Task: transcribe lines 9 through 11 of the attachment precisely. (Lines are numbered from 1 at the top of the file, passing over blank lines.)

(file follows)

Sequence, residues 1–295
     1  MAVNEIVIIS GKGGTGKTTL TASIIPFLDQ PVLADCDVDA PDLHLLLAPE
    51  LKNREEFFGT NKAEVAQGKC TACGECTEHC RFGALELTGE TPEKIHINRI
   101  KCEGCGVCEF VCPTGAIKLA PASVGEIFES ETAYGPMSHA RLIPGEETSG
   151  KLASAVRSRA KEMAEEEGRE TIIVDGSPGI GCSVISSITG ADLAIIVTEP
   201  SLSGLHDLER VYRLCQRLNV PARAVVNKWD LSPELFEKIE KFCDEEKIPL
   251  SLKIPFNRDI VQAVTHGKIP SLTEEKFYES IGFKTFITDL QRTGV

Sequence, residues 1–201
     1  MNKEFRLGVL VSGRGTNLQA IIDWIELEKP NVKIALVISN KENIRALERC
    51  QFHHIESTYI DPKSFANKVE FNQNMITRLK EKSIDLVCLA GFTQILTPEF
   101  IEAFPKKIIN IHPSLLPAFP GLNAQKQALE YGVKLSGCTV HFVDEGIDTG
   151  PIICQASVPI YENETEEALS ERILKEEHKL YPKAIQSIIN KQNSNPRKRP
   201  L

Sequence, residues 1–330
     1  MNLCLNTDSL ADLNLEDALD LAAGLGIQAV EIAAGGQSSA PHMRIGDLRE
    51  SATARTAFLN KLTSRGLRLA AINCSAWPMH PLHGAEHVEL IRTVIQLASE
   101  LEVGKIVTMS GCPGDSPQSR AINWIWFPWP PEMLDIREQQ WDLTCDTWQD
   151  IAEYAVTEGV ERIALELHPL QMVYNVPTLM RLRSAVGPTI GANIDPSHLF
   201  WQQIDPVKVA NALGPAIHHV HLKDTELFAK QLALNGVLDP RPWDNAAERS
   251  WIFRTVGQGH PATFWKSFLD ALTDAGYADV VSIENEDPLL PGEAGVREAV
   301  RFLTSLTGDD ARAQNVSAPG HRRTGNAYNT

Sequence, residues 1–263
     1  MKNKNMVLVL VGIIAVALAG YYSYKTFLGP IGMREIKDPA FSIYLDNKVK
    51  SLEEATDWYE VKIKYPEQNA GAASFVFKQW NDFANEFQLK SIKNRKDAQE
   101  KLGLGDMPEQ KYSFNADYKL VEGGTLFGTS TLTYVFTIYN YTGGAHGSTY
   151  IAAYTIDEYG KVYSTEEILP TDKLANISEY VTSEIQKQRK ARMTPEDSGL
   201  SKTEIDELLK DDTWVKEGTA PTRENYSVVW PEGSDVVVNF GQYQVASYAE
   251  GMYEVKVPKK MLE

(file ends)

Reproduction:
     1  MNKEFRLGVL VSGRGTNLQA IIDWIELEKP NVKIALVISN KENIRALERC
    51  QFHHIESTYI DPKSFANKVE FNQNMITRLK EKSIDLVCLA GFTQILTPEF
   101  IEAFPKKIIN IHPSLLPAFP GLNAQKQALE YGVKLSGCTV HFVDEGIDTG